At one of the airports during my recent trip, I had to use up some loose change. It’s one of those strange situations – the currency in your hand has value, but as soon as you step onto the plane it’s worthless. Nowhere outside the country will change coins for you, and if it’s a small amount in notes the currency exchange fees will probably eat up all the value. So, one strategy is to turn soon-to-be-worthless currency into something that will still have value even after the plane starts taxiing.
I ended up buying a book, of course.
I had been eyeing off a Malcolm Gladwell book – the one before Outliers, which I’ve already read. I ended up converting my useless Hong Kong dollars (or whatever they were, I forget which airport it was) into something with persistent value. Which was lucky, as I didn’t get around to reading it until about a month later.
People make snap judgements, but some are better than others
The basic idea of this book is obvious to anyone: that people make snap judgements. However, Gladwell tries to find those times when the snap judgements are interesting, because they are occurring subconsciously, or they are uncannily correct, or they are disappointingly wrong. He describes those times to us with his usual style of clear writing interspersed with interesting anecdotes and off-beat research.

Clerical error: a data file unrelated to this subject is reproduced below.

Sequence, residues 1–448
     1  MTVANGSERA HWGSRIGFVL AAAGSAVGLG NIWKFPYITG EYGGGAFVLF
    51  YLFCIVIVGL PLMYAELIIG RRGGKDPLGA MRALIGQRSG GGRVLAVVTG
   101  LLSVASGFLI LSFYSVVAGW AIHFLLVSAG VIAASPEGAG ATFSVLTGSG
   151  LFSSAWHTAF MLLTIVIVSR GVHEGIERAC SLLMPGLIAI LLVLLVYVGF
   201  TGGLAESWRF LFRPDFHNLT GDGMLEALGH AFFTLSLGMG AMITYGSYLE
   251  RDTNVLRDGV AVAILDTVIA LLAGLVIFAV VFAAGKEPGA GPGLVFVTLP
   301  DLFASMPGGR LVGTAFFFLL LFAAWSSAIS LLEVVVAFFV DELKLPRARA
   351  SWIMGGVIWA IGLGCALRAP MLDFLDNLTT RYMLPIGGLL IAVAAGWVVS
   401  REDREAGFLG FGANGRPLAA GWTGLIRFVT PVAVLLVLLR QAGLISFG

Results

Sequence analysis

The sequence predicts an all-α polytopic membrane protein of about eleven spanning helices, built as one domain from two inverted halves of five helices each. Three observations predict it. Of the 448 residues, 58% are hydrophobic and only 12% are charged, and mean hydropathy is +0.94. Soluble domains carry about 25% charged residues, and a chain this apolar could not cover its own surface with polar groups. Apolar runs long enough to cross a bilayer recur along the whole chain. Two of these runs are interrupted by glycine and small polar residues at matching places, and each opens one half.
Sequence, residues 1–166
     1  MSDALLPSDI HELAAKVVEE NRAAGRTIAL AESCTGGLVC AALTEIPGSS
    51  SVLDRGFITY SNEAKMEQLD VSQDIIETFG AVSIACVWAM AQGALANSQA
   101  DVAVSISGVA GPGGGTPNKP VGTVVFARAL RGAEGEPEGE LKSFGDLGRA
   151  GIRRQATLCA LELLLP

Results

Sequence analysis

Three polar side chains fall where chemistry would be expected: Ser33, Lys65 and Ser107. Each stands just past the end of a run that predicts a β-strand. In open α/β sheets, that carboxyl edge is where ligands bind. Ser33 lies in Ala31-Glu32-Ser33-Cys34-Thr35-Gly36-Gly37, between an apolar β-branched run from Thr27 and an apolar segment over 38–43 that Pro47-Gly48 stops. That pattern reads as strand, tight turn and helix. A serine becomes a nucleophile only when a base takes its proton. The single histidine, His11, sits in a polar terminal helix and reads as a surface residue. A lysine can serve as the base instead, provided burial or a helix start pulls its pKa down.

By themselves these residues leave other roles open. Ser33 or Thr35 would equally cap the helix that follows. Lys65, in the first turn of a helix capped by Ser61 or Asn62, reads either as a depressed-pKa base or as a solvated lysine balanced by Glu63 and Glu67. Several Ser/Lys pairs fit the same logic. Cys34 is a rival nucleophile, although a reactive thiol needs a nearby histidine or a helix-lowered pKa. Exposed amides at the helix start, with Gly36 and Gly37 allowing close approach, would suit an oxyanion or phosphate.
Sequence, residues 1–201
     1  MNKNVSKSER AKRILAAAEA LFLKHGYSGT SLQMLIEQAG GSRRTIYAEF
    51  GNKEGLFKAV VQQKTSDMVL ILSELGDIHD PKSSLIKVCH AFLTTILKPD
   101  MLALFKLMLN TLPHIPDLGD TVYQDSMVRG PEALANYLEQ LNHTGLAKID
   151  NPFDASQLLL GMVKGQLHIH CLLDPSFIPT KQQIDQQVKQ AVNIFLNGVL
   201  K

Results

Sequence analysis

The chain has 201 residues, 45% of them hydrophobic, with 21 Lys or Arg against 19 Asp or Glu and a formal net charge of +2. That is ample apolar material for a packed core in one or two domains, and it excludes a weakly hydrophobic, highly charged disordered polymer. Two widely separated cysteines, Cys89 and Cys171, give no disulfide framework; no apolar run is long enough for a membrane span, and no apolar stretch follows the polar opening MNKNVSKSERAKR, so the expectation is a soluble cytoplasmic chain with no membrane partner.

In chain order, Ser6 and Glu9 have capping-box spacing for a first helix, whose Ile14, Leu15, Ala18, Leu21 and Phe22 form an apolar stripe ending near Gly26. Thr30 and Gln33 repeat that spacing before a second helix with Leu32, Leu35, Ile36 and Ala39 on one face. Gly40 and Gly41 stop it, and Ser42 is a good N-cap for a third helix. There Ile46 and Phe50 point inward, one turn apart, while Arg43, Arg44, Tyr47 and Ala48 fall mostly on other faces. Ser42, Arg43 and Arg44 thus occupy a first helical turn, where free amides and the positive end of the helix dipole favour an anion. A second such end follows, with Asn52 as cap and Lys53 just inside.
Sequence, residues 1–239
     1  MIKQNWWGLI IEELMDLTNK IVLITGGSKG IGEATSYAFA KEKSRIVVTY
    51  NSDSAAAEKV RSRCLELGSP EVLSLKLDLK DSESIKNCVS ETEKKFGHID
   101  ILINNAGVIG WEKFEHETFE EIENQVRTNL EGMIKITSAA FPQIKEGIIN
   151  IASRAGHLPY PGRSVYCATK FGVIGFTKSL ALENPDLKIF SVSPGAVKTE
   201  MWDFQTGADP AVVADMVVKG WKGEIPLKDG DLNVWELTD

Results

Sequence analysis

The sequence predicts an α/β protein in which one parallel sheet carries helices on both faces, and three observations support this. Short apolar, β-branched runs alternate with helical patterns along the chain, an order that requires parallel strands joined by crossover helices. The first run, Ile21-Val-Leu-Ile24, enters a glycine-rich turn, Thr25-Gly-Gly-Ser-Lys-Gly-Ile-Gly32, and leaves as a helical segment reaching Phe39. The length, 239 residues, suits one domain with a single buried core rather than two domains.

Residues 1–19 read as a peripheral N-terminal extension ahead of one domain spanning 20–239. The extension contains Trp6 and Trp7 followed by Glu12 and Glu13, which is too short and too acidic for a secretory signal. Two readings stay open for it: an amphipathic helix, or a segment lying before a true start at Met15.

Unfortunately, I couldn’t take away from the book much in the way of practical lessons. It seems that he was trying to write an up-beat book, to show the potential of snap judgements, but I felt a number of the negative cases tended to counter that message. Although someone can be trained to overcome the bias in subconscious judgements, it is not enough to be aware of the subconscious judgement. Also, it turns out that even experts in their field are not always able to say when a snap judgement is going to lead you astray.
However, I still found it fascinating. In particular, I loved the parts about the police, and also the story about the cataloguing of every possible facial expression.
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